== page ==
Mining Association condemns passing of "Clean Air, Clean Jobs Act"


The Colorado Mining Association (CMA) today condemned the passage of legislation to retire existing coal fired power plants along the Front Range and replace them with higher cost natural gas. The bill, Colorado House Bill 10-1365, also known as the “Clean Air - Clean Jobs Act," passed after extensive floor debate, in which several senators offered amendments that would have resulted in additional time to study its provisions. Thirteen senators voted against the bill, including ten Republicans and three Democrats.

CMA President Stuart Sanderson said, “Passage of this legislation will result in production losses of at least 2.6 million tons of clean, high quality Colorado coal that is currently utilized in the Front Range power stations,” an amount equal to nearly 25 percent of the in-state market for Colorado coal. “This bill will also result in the loss of more than 500 jobs and royalties for public schools,” he added. “It also won’t deliver what it promises – cleaner air for Colorado,” he emphasized. Rural economies will be among the biggest losers, as the bill will result in job losses for coal mine workers, who earn average wages and benefits in excess of $96,000 annually. And Colorado’s coal industry won’t be able to make up production losses on the export market, which has declined by more than 20 percent in the last five years.

“What energy consumers will get are dramatically higher electricity rates,” Sanderson said, “as natural gas supplies are constrained and average costs exceed that of coal by more than 300%.” “It’s ironic,” Sanderson added, “that Xcel Energy announced an eight percent rate hike, approximately $52.7 million, attributable to gas costs on the day this legislation was introduced.”

“Gas simply is not a viable replacement fuel for electricity generation,” CMA reported. “A recent study by the Congressional Research Service concludes that gas is at best capable of displacing only about nine percent of electricity generation from coal. This bill is a dangerous gamble that will compromise Colorado’s future energy security,” CMA added.

“Finally, the bill will not solve Colorado’s air quality problems, as it only focuses on one source – coal fired power plants.” It ignores mobile (automobiles) and other sources that contribute to air quality problems on the Front Range, something EPA is sure not to ignore in its review of implementation plans for regional haze and other pollutants. “Lower cost alternatives exist,” Sanderson concluded. “A recent study by Thomas Hewson, Principal, Energy Ventures Analysis, shows that Colorado may reduce oxides of nitrogen by installing additional pollution control equipment on the power stations while continuing to use coal.” The bill also ignores emerging clean coal technologies, including co-firing with biomass from pine beetle killed trees, to reduce carbon emissions.

“It makes no sense to ignore coal as an energy source,” Sanderson said. “The United States has 28 percent of the world’s coal, more than any other nation and more energy than all the oil in the Middle East,” he added. The industry is evaluating all options to limit the impact of this bill, and will contemplate further action when Xcel submits its resource plan to the Public Utilities Commission by August 15. Meanwhile, the industry will continue to demand that Xcel Energy include emissions control technologies in its resource planning, in lieu of the path currently chosen that will lead to energy poverty in Colorado.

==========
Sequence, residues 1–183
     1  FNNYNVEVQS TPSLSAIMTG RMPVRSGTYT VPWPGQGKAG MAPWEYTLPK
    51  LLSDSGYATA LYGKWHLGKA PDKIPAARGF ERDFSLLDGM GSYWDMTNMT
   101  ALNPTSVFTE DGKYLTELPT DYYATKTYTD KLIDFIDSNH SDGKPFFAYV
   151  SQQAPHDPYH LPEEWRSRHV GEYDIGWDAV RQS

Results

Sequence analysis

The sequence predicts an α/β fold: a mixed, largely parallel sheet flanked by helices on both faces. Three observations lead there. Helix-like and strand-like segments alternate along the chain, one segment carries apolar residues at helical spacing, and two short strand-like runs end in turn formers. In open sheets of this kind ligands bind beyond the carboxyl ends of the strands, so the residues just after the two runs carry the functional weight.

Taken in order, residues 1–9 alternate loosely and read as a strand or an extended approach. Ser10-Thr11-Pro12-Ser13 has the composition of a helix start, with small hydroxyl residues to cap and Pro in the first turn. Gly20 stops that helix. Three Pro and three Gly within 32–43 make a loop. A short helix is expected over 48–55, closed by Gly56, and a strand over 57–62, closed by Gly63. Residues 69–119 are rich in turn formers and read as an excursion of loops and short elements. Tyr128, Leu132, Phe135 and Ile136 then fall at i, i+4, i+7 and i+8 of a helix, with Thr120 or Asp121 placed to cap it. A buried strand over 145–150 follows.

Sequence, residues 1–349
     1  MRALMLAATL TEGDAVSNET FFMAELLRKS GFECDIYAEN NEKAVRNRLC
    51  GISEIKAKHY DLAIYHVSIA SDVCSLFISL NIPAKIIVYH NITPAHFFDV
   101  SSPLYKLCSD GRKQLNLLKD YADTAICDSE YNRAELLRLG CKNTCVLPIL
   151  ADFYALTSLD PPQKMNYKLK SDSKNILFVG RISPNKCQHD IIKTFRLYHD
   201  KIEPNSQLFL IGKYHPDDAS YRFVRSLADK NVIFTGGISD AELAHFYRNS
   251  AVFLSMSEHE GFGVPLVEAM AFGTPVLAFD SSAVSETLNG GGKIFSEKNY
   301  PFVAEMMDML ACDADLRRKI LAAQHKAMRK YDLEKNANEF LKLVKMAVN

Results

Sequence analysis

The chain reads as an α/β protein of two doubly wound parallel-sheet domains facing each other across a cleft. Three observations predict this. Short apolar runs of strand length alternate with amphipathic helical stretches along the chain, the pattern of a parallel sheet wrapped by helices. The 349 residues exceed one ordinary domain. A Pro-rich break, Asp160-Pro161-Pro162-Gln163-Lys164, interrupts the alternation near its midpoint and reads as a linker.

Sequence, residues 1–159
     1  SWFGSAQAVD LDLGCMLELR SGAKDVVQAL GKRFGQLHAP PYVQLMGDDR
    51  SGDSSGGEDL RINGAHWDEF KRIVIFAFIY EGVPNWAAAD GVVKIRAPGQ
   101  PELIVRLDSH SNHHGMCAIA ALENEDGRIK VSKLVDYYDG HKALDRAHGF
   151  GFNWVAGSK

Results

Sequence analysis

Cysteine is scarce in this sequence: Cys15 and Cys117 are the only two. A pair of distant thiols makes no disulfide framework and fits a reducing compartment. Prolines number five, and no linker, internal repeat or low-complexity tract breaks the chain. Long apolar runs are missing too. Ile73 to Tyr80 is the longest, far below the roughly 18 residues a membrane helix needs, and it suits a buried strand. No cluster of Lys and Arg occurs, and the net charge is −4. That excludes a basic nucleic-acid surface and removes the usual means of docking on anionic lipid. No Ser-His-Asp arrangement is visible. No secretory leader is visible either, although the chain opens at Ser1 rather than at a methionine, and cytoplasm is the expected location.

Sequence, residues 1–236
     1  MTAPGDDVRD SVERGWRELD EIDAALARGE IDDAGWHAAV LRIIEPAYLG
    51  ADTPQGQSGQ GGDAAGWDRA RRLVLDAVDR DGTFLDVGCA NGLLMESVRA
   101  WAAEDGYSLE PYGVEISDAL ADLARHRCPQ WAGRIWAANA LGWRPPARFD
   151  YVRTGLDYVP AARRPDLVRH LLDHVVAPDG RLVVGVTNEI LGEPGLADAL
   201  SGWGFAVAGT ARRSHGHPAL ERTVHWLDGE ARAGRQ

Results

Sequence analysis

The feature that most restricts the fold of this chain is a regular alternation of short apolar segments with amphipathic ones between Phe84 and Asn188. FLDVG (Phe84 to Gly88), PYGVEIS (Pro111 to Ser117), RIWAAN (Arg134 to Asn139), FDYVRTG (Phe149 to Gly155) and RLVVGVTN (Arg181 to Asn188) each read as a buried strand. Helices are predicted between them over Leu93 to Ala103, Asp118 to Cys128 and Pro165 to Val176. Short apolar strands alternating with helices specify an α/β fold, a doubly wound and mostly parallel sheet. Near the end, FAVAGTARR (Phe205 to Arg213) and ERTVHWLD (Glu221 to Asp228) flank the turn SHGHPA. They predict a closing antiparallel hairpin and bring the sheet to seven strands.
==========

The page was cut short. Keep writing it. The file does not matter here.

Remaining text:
CMA thanked the senators who voted against this bill and in favor of consumer protection. “Ratepayers and the hard working men and women whose jobs will be placed at risk by this bill should applaud your courage in opposing this bill,” CMA said.

CMA is an industry organization – founded in 1876 – whose more than 900 members include both producers and consumers of electricity. In addition to coal, individuals and organizations that produce molybdenum, gold, gypsum, sodium bicarbonate, uranium, limestone and construction minerals are members. CMA’s membership also includes organizations that provide services and supplies to Colorado’s industry, which produces more than $8 billion annually in economic benefits for Colorado.


PatrickHenrysRevenge 7 years ago

Well-researched and powerful article. I hope everyone reads this, as passage of this legislation could torpedo the economy that our local representatives have done a good job of vigilantly maintaining through this recession.

Everyone knows we'll need that money now. Sigh. How tight can the belt get before there are serious consequences?


MtnRider2 7 years ago

Looks like a downward spirialing situation me. Not only will electric prices esculate but also the gas will as a result of supply and demand. Guess when the front ranges cost of heating and cooling tripples, they may figue it out also. Would it be to much to ask if they checked into the possabilities of if there is even that much gas avalable. I've herd that Catipillar has laid off over 400 employees and expecting to get rid of more for the state. And thats just one facit of the support industy for mining. Judging from what Salasar has told me in a reply email as to his position on coal mining in Colorado, he could care less about the miners, and the money brought in by the companys to the state. But made sure to brag about aquiring more public grazing for HIS livestock.


pioneer 7 years ago

We all need to pull together and vote out those who don't represent us and our best interests. It is the best power we have within our control.


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